When Ed Droste graduated from Iowa State in 1973 with a double degree in industrial administration and political science, he wasn’t sure where he was headed. A member of Tau Kappa Epsilon, he found a job in Florida at a home construction management company with the help of one of his fraternity brothers.

Droste went on to form an advertising company called Provident Management Corporation, based in Clearwater, Fla. According to an interview with Gary James, Droste decided to start a restaurant after he and other colleagues joked about combining female sex appeal with great food. What came of the idea is what Droste is currently known for — being the founder of Hooters restaurants.

Long before Hooters was a successful restaurant, however, Droste was a busy student at Iowa State. A native of Waverly, he was active in his fraternity for four years while working three jobs in addition to taking classes.

“I worked at the student supply store and as head waiter for the Tri Delta sorority for three years,” Droste said, adding that working so much sometimes took away from his social life. He would return to the fraternity after working at the sorority and would then “finish out the night with a few pitchers.”

Droste also served on the Interfraternity Council and acted as both Veishea float chairman and senior class president. He said it was a huge benefit seeing and learning from many different types of people during his time at Iowa State.

“I was fortunate to have more than a hundred guys living in the fraternity with me, guys ranging from athletes to engineers,” Droste said.

He remembers developing a strong work ethic while working and living with such a blend of people.

“I think it was osmosis,” Droste said. “I got my work ethic from being around those guys.”

Although he works in Florida, Droste still supports Iowa State in several ways. Michael Beals, president of Tau Kappa Epsilon and junior in accounting and political science, said Droste has been one of the biggest donors to the fraternity.

“He provided all the funding for our philanthropy this spring,” Beals said.

The fraternity held an event, “Hooters for Hope,” raising money for breast cancer awareness after a member’s mother passed away last fall. Droste provided the chicken wings, Hooters girls and cooks for the fundraiser that took place at the fraternity house. Droste also helped pay for the renovations to the second floor of the house.

Droste said he tries to visit often, and his parents come to every ISU football game. Last year, he sponsored a billboard in Florida showcasing the Cyclones and Gene Chizik.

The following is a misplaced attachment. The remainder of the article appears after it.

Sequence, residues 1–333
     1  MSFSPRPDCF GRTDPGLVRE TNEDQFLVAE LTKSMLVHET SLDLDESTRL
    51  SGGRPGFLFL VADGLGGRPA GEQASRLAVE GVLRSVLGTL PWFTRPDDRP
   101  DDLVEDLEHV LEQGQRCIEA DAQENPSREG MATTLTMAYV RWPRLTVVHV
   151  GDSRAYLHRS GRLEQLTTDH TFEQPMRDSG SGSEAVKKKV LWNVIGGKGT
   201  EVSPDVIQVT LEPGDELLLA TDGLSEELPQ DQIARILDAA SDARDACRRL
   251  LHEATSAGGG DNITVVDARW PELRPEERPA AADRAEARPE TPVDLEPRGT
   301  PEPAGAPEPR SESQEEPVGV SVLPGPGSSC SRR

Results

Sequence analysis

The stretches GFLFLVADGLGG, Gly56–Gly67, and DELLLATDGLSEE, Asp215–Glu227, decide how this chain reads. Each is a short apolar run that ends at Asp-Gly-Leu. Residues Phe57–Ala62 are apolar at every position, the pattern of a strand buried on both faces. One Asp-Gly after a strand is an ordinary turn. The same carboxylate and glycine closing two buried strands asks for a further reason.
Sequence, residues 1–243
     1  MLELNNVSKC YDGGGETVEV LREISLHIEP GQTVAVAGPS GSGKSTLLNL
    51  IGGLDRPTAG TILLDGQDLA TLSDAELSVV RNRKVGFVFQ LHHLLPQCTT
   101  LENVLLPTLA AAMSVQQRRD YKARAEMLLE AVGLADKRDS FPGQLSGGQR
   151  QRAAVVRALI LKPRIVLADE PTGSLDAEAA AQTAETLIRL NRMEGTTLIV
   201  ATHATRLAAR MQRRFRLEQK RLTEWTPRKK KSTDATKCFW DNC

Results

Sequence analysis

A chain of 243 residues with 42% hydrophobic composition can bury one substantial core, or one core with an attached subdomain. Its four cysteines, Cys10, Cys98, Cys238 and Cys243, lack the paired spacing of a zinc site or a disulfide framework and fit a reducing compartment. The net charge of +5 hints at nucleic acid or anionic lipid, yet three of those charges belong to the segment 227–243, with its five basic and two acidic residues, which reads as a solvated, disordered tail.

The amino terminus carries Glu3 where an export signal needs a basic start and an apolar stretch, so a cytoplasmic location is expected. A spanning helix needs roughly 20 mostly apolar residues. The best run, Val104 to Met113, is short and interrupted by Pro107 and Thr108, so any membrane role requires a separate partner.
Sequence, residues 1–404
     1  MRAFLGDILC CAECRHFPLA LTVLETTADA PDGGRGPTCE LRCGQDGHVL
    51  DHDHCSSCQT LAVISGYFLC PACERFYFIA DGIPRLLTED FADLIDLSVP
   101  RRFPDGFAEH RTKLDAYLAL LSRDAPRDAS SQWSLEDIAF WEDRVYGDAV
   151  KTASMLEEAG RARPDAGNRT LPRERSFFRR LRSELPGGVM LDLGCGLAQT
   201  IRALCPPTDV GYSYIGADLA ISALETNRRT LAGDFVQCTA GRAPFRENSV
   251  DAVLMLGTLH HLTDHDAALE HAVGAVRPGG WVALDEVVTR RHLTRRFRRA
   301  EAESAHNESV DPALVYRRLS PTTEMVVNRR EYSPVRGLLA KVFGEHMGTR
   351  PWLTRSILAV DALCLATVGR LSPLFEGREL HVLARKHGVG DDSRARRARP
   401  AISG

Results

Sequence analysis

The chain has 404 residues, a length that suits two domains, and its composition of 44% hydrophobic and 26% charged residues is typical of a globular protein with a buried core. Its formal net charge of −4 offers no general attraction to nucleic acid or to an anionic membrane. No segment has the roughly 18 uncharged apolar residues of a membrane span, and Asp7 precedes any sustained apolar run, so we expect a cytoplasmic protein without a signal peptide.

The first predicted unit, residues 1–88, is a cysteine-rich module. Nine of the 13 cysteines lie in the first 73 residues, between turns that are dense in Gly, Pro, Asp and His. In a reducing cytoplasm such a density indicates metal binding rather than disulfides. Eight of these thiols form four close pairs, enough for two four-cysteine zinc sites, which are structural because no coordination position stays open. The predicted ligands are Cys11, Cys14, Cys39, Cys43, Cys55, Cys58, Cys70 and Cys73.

Pete & Shorty’s, a Florida restaurant created by Droste, hosts Cyclone fans during Saturday games in the fall. He said Leonard Johnson, current Cyclone football player, used to work at Hooters. Johnson’s family now comes to the restaurant to watch the games.

Droste is a member of the ISU Foundation Order of the Knoll and has the Droste Den in the Gerdin building named after him.

“I think the name is pretty appropriate because I always slept between classes,” Droste said.

Even during tough economic times, he said there is still plenty to learn after graduation from college.

“I say this emphatically — you’ll learn more in tough times,” Droste said.

He recommended choosing a job that relates to a personal interest over one that has a high salary.

“These are great times to learn — try everything.”

The beginning:

The idea behind Hooters came when Ed Droste and his colleagues would sample chicken wings while traveling through Ft. Lauderdale. One employee would wear dolphin shorts and a tank top during charity softball tournaments, and one of Droste’s colleagues suggested combining the elements of good food and women dressed like her into something marketable. From that, the idea of Hooters was born — foods like oysters and shrimp were taken from various parts of the country and combined into one menu. Droste and other executives from his company, Provident Management Corporation, opened shop in a location that was known for failed restaurants. The idea, however, prevailed and became a rapidly growing restaurant chain.

— Information from an interview with famousinterview.com

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